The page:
Last week GFSI published their new benchmarking guidelines, which now allows for remote auditing.

As we now start to move into the new norm, remote auditing is most likely here to stay. Although there’s not quite like face-to-face contact, remote auditing does have many benefits, including reduction in cost from time and travel and the secondary benefit that, that produces for the environment.

In this article, we’re going to look at the software and hardware that we need to be able to carry out remote audits effectively.

Software for Remote Audits

In order to be able to carry out a remote audit, the site and the auditor need to have access to the same live streaming software.

There are two main requirements to do an audit, which are:

  • Video conferencing
  • Screen share

So, let’s look at what software options there are out there, that are typically used for conferencing.



Skype has been around for a while and is used by many companies already, as a form of internal communication. However, Skype is being replaced by Microsoft Teams.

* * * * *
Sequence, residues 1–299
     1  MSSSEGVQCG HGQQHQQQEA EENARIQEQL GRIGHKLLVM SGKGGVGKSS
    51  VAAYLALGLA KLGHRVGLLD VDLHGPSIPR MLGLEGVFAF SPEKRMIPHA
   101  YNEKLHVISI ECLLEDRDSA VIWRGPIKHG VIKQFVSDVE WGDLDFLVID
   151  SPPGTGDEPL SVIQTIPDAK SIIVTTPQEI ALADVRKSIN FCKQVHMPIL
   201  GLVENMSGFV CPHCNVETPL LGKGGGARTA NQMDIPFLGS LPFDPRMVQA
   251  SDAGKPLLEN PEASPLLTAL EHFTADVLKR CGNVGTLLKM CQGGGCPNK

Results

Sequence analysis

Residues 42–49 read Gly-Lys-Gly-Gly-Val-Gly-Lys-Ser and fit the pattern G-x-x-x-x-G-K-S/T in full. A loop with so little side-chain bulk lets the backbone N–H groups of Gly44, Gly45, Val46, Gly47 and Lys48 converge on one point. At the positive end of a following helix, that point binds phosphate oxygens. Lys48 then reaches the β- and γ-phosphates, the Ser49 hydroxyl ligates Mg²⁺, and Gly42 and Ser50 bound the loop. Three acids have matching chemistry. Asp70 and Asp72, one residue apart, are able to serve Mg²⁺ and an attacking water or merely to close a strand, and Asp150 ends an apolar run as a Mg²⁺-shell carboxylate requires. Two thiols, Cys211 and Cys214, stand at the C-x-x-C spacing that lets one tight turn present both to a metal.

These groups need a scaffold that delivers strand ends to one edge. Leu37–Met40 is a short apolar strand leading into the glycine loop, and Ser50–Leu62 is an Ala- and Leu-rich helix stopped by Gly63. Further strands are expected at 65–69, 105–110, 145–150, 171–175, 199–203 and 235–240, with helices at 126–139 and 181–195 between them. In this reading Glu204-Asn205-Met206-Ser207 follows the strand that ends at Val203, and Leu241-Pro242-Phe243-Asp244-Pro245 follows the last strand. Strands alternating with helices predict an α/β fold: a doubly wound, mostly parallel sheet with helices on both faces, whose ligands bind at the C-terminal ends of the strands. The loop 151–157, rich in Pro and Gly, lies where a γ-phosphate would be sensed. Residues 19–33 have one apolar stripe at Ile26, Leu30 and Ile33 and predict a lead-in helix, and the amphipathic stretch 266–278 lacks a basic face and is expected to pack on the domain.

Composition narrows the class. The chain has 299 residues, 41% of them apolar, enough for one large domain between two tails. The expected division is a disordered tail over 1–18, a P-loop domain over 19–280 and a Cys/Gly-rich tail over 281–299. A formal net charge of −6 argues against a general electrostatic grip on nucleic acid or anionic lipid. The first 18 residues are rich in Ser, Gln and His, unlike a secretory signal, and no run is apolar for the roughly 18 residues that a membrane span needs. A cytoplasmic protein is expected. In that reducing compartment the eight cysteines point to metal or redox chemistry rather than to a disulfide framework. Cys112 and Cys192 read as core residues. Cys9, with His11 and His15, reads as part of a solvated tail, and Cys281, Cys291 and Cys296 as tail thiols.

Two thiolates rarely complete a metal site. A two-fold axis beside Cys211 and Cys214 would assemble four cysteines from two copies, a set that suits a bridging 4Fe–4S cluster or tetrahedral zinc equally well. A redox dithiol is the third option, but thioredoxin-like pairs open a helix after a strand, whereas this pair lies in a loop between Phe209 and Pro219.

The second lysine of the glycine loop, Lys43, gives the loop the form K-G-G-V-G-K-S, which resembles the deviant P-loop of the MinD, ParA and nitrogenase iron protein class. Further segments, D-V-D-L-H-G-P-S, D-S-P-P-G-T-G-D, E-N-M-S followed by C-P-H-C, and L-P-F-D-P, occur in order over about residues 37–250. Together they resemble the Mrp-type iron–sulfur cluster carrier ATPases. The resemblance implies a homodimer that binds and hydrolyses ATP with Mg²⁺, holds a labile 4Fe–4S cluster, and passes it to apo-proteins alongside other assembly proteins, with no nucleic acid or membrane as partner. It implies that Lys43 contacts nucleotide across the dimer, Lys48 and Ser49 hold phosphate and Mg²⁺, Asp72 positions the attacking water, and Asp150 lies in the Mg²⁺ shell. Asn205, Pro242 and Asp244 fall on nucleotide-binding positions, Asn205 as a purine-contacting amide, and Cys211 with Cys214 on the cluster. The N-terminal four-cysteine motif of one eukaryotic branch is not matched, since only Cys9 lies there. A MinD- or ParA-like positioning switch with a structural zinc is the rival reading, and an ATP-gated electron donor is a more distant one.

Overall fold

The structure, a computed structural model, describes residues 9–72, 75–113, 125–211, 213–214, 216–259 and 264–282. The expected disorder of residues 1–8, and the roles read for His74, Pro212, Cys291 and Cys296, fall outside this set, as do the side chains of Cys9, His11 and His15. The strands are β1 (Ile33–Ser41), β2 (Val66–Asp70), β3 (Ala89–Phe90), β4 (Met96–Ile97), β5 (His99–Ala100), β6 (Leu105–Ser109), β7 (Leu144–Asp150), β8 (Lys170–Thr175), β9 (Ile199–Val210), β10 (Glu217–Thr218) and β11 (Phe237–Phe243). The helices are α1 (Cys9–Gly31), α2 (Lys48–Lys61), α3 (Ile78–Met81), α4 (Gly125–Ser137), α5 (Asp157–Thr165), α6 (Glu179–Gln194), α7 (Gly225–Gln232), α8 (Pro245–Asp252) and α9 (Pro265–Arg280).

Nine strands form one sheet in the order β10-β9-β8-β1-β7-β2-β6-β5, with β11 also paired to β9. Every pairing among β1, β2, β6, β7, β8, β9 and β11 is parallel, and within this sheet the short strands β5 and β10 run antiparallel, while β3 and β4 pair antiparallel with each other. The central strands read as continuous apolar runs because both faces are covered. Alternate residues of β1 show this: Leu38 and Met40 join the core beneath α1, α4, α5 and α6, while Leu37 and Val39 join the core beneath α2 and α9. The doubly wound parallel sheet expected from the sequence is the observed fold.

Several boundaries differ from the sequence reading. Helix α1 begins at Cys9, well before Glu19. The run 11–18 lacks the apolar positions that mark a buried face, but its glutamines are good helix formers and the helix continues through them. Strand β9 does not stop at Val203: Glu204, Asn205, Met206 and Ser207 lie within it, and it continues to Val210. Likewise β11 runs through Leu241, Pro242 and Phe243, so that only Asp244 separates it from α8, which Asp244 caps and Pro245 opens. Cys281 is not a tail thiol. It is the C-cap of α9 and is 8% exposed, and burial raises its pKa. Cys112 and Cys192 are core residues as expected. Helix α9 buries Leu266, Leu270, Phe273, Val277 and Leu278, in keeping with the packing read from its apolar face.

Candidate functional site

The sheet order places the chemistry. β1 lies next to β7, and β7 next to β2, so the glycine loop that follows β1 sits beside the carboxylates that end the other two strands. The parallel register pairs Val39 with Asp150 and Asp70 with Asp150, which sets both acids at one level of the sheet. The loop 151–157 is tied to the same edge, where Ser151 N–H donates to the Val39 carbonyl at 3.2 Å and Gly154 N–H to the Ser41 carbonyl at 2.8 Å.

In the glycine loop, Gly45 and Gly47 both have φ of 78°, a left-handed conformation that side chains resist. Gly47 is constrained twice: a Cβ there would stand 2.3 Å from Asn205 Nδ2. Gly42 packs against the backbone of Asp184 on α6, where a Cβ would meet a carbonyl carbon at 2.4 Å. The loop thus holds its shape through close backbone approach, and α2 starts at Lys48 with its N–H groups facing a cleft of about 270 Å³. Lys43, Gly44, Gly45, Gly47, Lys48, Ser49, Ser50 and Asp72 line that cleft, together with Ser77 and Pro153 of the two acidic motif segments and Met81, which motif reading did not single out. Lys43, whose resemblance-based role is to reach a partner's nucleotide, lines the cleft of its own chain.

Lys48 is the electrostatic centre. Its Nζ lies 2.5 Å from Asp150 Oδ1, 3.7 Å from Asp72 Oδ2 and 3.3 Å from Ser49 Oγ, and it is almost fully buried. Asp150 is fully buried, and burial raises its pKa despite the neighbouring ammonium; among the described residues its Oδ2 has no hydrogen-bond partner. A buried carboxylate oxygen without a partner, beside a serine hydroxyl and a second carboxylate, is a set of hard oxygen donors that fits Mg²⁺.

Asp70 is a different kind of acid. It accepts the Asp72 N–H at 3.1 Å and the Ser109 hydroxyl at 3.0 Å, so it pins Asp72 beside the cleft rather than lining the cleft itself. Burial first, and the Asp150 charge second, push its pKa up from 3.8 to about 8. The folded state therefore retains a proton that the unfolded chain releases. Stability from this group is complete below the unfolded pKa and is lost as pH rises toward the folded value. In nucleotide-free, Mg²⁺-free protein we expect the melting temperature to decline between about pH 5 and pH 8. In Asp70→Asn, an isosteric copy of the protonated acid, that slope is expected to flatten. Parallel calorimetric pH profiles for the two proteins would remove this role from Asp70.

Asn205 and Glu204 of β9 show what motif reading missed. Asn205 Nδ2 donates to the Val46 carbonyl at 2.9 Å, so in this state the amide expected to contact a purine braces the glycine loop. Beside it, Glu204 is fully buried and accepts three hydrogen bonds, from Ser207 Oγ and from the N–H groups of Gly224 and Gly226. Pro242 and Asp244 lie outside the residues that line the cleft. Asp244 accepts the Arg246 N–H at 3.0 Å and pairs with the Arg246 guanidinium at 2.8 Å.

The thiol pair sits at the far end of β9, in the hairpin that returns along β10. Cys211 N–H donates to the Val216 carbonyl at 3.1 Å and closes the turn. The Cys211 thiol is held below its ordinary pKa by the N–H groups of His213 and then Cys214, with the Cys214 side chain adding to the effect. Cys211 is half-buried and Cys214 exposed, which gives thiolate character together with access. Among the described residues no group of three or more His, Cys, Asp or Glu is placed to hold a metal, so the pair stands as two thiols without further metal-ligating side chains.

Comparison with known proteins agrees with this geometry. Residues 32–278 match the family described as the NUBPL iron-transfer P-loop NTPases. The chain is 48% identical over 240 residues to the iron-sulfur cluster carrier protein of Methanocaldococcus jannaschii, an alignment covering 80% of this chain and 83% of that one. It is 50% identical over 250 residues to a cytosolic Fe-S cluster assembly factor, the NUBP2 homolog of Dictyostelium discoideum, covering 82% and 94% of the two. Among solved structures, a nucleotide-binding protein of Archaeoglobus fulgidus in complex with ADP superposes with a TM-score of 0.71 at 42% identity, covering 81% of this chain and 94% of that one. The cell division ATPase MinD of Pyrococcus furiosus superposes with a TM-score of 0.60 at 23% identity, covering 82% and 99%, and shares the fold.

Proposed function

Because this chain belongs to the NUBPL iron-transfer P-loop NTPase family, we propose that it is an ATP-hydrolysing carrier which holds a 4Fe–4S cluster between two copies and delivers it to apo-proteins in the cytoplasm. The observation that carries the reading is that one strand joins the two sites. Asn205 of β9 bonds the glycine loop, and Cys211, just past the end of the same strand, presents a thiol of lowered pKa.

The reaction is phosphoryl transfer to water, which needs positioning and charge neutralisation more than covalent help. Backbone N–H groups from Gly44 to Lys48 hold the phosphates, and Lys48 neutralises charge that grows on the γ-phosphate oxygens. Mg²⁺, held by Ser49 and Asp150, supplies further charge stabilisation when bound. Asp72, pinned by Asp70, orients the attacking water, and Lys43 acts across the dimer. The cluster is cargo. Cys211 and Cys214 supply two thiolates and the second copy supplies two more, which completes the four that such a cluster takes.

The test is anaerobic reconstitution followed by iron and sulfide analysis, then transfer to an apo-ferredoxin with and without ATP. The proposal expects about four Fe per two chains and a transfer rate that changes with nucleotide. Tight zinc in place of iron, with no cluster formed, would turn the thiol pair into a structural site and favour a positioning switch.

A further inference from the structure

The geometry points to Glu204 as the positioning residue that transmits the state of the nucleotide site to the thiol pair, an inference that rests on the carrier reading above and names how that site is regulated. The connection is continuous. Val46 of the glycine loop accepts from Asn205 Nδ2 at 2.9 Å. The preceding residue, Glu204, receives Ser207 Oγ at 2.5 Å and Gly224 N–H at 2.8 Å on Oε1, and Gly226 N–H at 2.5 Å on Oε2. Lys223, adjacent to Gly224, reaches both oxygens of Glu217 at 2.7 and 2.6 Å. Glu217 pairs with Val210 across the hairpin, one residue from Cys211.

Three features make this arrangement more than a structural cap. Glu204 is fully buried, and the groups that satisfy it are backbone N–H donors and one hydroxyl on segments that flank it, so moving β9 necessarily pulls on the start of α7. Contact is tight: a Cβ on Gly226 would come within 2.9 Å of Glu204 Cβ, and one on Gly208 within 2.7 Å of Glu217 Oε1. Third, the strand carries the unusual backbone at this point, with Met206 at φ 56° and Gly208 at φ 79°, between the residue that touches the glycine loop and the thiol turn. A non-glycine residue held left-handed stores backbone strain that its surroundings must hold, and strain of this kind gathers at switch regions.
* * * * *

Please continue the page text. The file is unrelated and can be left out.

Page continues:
Microsoft Teams

Microsoft Teams

A free account with Microsoft Teams will allow you to have online meetings and share your screen.

If you want to record the audit though, you’ll need a paid account. A free account is totally sufficient to carry out an audit, as it allows video conferencing and screen share. Available on mobile.



The newbie on the scene, but taking the world by storm as the number one for video conferencing and training. Zoom has so many additional features which are not available on Teams, such as break out rooms, voting and lots more. Available on mobile.